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Venezuela vows to protect Edward Snowden from “world’s most powerful empire”

President Nicolás Maduro offer the NSA whistleblower asylum late Friday, but it's unclear if he's williing to help with Snowden's transportation. 


Kevin Collier


Posted on Jul 6, 2013   Updated on Jun 1, 2021, 11:58 am CDT

It appears Edward Snowden can finally leave that Russian airport behind.

Venezuela’s state-run AVN news agency announced late Friday that President Nicolás Maduro has offered asylum to Snowden, the 30-year-old former National Security Agency (NSA) contractor who leaked a trove of documents revealing the extent of the agency’s surveillance practices.

Maduro said the move would “protect this young man from the persecution unleashed by the world’s most powerful empire.”

Nicaraguan President Daniel Ortega made similar, though less definitive comments, announcing in a speech that he would offer Snowden asylum “if circumstances allow it.” Nicaragua, like Venezuela, is on the list of countries he faxed mass asylum requests to last Sunday. After receiving a series of denials, WikiLeaks announced earlier on Friday that Snowden “has applied to another six countries for asylum,” but it declined to elaborate for fear of government intervention.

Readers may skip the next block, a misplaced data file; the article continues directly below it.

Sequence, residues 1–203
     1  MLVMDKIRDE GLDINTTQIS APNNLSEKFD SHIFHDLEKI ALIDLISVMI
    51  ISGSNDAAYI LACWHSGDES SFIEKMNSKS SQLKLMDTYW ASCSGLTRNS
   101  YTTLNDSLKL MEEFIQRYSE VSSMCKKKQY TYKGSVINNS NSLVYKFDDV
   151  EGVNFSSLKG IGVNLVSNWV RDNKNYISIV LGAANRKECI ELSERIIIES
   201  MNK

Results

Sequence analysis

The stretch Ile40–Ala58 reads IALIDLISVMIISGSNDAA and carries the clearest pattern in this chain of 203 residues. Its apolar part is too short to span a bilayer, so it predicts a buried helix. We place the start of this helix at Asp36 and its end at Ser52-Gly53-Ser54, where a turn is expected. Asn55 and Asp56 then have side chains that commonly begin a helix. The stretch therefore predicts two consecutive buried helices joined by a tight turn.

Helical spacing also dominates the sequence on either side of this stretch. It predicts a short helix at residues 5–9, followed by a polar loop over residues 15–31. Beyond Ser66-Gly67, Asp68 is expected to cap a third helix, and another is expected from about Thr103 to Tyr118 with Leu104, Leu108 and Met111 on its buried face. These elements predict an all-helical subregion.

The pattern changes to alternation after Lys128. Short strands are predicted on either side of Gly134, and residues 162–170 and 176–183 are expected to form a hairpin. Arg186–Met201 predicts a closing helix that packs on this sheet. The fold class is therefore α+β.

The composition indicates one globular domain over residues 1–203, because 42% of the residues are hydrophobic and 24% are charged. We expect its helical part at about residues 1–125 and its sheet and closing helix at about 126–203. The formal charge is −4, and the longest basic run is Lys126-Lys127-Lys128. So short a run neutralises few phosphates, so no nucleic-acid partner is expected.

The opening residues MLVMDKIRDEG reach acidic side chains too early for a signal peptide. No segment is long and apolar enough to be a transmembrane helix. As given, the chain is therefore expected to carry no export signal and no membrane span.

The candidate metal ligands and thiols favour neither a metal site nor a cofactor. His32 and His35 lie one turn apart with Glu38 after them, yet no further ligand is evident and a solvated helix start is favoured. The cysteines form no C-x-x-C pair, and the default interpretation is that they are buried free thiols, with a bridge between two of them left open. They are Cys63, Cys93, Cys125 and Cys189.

Snowden, who fled to Hong Kong to release classified information, notably a PowerPoint presentation detailing the NSA’s PRISM Internet surveillance program, has spent the past 13 days in a Moscow airport, a man without a country after the U.S. revoked his passport.

Venezuela is the first to definitively state it planned to give Snowden safe haven. Previously, Ecuador had blustered but then backed down after its president received a phone call from U.S. Vice President Joe Biden. A number of European nations didn’t definitively refuse him but said they wouldn’t issue him emergency travel documents, a necessity for him to leave Russia without a passport. And plenty other countries, like Brazil and India, rejected him outright.

Snowden has become a pawn for international relations and has unwittingly illustrated the U.S.’s powerful relationship with Europe and shaky relationship with the rest of the world, particularly Latin America. On Wednesday, after telling the press he’d consider asylum for Snowden, a number of European nations refused Bolivian President Evo Morales as he flew from Russia.

Eventually, Morales was grounded in Austria, where police searched his plane to see if Snowden was there. He was not. Morales was outraged against the incident. “We are no longer in the colonial period,” he said.

Illustration by Fernando Alfonso III

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*First Published: Jul 6, 2013, 11:44 am CDT